Paul Seamons wrote:
 meth foo {
    $_.meth; # defaults to the invocant
    .meth; # operates on $_ which defaults to the invocant
    $^.meth;  # is the invocant
    $^1.meth; # is the first invocant
    $^2.meth; # is the second invocant

I'm starting to get confused at the "need" for all these special variables. I vote that we steal from prior art in numerous other languages and just auto-set $SELF or $THIS or whatever and call it done.

The problem is that there is no globally safe name to use that uses letters only. Also there is a certain line noise problem (which may not really be a problem - but looks like one once we have a more concise alternative):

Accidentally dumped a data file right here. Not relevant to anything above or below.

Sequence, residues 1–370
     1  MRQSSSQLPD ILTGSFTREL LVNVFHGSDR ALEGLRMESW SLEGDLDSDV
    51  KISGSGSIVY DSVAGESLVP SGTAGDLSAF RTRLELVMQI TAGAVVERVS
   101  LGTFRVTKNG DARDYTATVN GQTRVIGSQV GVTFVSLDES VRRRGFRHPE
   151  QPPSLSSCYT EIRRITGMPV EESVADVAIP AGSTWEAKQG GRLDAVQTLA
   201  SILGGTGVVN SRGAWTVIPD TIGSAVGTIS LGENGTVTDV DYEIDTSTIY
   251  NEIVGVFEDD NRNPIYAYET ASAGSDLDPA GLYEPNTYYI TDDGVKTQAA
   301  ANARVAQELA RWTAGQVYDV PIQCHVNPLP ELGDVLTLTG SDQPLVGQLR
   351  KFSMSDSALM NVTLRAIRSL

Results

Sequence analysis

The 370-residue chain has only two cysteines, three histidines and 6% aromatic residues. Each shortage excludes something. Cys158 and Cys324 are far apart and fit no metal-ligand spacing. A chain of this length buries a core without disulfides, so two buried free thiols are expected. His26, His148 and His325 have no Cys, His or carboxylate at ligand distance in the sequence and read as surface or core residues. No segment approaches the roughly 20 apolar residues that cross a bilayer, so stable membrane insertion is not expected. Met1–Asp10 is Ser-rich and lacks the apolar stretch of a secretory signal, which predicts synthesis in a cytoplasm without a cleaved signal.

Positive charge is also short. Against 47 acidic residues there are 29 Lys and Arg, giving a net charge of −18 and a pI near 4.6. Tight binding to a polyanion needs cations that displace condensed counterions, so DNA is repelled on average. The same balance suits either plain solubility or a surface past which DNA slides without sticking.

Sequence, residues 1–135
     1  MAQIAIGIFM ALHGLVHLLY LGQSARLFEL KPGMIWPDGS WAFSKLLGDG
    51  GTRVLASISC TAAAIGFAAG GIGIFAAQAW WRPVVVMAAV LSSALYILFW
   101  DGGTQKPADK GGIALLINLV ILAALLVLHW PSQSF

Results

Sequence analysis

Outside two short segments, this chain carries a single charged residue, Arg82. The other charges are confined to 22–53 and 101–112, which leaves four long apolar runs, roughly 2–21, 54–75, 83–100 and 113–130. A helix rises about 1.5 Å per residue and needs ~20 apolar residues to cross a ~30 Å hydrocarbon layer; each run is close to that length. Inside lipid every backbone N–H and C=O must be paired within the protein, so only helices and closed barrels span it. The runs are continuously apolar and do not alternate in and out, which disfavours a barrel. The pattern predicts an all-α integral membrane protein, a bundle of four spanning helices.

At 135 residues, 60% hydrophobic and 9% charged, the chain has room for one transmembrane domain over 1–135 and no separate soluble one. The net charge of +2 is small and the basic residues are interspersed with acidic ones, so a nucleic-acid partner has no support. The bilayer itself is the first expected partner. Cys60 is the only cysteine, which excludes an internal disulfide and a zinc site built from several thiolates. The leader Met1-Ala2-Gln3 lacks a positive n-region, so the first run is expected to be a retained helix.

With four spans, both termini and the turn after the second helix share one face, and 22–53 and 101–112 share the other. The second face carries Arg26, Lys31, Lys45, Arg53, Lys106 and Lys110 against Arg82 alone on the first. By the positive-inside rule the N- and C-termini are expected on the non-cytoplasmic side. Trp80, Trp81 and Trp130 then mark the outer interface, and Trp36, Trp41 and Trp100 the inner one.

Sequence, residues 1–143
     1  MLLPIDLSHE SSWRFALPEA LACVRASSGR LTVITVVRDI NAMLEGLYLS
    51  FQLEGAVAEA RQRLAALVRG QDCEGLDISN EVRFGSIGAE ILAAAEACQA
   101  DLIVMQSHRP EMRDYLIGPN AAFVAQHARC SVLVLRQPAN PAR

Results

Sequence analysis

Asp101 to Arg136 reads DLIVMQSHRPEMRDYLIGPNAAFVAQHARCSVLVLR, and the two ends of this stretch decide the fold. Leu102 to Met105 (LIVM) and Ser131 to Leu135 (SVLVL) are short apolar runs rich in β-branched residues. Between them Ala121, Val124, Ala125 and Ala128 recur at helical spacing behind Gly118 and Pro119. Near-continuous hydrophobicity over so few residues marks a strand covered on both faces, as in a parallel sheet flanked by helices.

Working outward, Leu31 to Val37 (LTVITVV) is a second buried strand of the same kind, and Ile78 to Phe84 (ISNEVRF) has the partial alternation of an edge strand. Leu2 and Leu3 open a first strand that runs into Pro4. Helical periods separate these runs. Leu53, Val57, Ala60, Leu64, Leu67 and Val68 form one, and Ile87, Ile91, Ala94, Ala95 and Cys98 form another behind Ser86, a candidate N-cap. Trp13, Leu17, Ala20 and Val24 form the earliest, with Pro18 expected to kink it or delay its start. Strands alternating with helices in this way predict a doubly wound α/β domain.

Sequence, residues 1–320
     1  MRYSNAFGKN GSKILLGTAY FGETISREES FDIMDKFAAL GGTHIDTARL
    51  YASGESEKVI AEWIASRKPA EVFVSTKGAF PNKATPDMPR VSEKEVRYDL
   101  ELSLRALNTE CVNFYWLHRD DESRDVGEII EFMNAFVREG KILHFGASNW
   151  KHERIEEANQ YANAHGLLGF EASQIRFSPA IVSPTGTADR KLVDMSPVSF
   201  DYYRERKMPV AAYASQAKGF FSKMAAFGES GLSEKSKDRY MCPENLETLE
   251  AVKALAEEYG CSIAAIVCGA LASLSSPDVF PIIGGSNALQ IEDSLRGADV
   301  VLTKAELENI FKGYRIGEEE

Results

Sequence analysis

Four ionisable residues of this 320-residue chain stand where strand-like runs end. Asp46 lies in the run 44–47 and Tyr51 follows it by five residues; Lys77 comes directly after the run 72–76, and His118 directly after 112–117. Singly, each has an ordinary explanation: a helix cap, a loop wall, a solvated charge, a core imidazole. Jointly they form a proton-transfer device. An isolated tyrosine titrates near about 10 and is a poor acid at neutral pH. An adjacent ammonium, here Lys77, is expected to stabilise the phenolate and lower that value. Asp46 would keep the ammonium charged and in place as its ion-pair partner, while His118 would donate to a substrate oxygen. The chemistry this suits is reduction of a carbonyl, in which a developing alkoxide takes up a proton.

I understand the purported problem, but what I'm saying is that it really isn't one. Variables magically coming into existence doesn't seem to be a problem for any language but Perl 6. Many other languages set "this" automagically.

> method foo {
>   $SELF.prop = $SELF.meth($SELF.get_foo, $SELF.get_bar);
>   $SELF.say("Hello " ~ $SELF.prop);
> }

I'm not sure the point of this block; it's hardly horrific. Any external script would have to say:

   $invocation = new Class;
   $invocation.meth($invocation.get_foo, $invocation.get_bar);

If the point is that $^ saves typing over $?SELF then I agree; my point is simply that we pick one or the other, instead of both/aliases/etc.


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